The Airstream Diary

Airstream Trailer Answers and Questions

Airstream Repairs – Restoring the Original License Plate Light

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Well the Texas weather told us just about all we needed to know this past weekend. I ran out to A&P Vintage to see where the leaks are in the Safari, and was both disappointed and pleased at what I found.

Some of the leaks that got our attention have been slowed. Unfortunately, slow doesn’t count. And we added a couple of new ones to the list. After Paul couldn’t trace down what’s left, he decided it’s time to pressurize the trailer to find the rest of the leaks. The leaking refrigerator vent on the roof is fixed.

  • Leak – on the vertical rivet lines (both) at back center outer skin.
  • Leak – front big rectangular window left (street) side.
  • Leak – visible empty rivet hole in front roof around new fan.
  • Leak – visible from rivet in roof holding second new fan.

Believe it or not, that’s progress.

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I decided to do something slightly more visually rewarding, and finally got into the light that illuminates the license plate. There can be numerous configurations of the exact same piece of hardware on Airstream tails. Typically the light and the license plate holder are a single unit attached together. And that unit can be placed any number of places – dictated by the model of Airstream Trailer it goes on. Not on the 70 Safari 23′ though. The license plate (bracket) is on the back hatch door, and the light is above it. IN BETWEEN is a vent hole (pop out screened) that used to vent that back area where the battery/inverter/electrical/sink once were located. So we pulled the screen and ran a patch over that vent – which will no longer be necessary as we move all electrical to the front street-side.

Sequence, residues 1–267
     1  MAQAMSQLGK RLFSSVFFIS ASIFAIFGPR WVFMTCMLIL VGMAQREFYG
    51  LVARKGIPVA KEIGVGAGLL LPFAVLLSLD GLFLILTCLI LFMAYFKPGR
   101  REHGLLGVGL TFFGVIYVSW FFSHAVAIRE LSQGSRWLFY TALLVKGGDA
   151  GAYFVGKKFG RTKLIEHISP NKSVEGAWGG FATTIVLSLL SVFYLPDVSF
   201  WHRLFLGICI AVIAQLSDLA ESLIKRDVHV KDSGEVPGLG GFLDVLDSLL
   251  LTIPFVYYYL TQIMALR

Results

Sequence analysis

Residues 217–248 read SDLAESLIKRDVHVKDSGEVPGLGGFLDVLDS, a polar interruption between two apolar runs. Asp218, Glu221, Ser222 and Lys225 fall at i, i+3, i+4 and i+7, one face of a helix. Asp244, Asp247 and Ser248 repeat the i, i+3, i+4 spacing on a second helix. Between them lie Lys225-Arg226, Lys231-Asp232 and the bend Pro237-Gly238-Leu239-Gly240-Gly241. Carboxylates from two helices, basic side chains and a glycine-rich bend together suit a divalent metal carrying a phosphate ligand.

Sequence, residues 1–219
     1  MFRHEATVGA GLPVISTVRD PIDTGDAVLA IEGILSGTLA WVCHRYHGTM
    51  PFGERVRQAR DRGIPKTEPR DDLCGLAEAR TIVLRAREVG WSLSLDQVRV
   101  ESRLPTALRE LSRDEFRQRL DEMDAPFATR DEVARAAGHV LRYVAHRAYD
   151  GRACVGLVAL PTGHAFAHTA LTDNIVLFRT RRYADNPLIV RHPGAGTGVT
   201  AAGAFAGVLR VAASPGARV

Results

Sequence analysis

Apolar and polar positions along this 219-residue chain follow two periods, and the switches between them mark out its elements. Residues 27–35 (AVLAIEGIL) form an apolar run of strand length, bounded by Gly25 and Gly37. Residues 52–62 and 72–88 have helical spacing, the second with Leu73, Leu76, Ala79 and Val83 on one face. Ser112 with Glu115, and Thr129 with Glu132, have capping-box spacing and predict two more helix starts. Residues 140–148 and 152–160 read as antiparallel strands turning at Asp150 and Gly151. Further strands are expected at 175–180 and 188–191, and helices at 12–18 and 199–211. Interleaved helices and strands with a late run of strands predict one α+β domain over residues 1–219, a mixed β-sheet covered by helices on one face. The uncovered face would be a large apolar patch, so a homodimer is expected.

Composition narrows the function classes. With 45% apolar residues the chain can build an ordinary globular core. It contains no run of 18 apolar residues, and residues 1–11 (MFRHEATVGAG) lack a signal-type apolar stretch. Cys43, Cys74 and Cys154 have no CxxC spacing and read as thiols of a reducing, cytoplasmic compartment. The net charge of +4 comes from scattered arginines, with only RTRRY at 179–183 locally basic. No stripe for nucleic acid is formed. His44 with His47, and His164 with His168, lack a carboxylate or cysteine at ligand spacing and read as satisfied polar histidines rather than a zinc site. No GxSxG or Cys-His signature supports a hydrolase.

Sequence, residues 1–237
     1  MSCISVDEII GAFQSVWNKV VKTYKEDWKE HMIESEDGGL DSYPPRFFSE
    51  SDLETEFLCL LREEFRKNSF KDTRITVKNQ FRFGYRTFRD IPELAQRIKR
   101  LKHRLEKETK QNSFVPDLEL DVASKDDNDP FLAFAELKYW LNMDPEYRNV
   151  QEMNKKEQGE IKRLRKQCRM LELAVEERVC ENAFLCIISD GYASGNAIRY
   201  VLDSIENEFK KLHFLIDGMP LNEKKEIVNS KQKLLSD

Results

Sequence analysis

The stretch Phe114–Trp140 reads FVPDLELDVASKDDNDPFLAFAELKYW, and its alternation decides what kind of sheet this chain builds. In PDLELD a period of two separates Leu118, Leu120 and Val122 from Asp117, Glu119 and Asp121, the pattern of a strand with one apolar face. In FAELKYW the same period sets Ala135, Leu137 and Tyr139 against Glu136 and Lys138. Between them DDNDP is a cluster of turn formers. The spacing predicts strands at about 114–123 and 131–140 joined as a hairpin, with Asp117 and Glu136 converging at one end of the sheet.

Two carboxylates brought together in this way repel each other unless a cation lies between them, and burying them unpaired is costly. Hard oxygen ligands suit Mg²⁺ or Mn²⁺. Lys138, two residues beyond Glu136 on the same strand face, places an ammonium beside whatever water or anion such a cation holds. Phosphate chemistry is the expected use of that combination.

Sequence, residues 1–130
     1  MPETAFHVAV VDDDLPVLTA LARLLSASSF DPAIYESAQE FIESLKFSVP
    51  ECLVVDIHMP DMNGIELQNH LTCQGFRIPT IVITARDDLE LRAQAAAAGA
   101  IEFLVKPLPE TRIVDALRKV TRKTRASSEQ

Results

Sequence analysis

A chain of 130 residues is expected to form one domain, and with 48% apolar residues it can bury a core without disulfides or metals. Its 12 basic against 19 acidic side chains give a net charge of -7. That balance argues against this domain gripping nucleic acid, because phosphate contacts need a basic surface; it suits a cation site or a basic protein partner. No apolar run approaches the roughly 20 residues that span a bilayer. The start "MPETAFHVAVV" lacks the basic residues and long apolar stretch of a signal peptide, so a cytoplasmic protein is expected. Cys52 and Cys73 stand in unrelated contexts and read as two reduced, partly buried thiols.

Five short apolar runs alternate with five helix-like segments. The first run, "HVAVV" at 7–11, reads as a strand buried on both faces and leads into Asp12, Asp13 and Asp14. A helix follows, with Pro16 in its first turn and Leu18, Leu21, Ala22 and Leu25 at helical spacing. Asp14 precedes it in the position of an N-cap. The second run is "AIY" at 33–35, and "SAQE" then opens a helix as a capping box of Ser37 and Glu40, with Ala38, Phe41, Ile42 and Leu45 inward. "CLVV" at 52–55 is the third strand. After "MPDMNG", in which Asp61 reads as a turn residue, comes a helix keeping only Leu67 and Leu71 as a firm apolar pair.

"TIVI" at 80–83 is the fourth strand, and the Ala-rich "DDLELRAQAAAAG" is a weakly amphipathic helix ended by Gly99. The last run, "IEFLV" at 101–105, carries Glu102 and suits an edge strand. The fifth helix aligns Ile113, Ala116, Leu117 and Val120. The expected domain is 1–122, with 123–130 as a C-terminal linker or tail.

If you can’t see the images large enough – It says Yankee 331 Norwalk Connecticut. Overall the split in the rubber housing can be a problem. The actual light housing has two hairline cracks in identical places on both sides, and I am missing that darn lens that goes in that long rectangular opening to diffuse the light source. That will be the hardest thing to deal with.

Once I tapped out that old bulb housing (quite easily), the new LED has plenty of room to mount. I used a flat grey primer to help bounce the LED light around before it passes out that long rectangular opening (with something to cover that opening yet to be found.


Back to Business

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I typically get teased when I arrive at A&P Vintage to work on the Safari 23′. “Waited until it got hot enough I see!” is a typical greeting. Truth is, the last few times I’ve been out it has been raining, steaming, leaking or burning hot.

There’s nothing quite like welding upside down outside in the heat, laying in the dirt, taking slag to the body and knowing the pain will stop before I put the fire out on my burning skin. Burn up, burn out.

Then, the leaks that are coming in from the rains are presenting themselves as another daunting task. It is less the opening windows, and more about the curved windows at the front of the trailer. They have dried out and the seam that runs from the top down the side and into the window is conducting water right under the dried out seals and inside the trailer. Another beat down.

Even if I feel beat and beat down, I know I have to push on. The list of body blows, and damage to the morale seems to be stable – give a little, get a little. None of the problems are magically disappearing.


I was watching a documentary on the Eagles, and they did a video after they reunited that had them sitting on the steps of Airstreams belting out the song, “How Long.”



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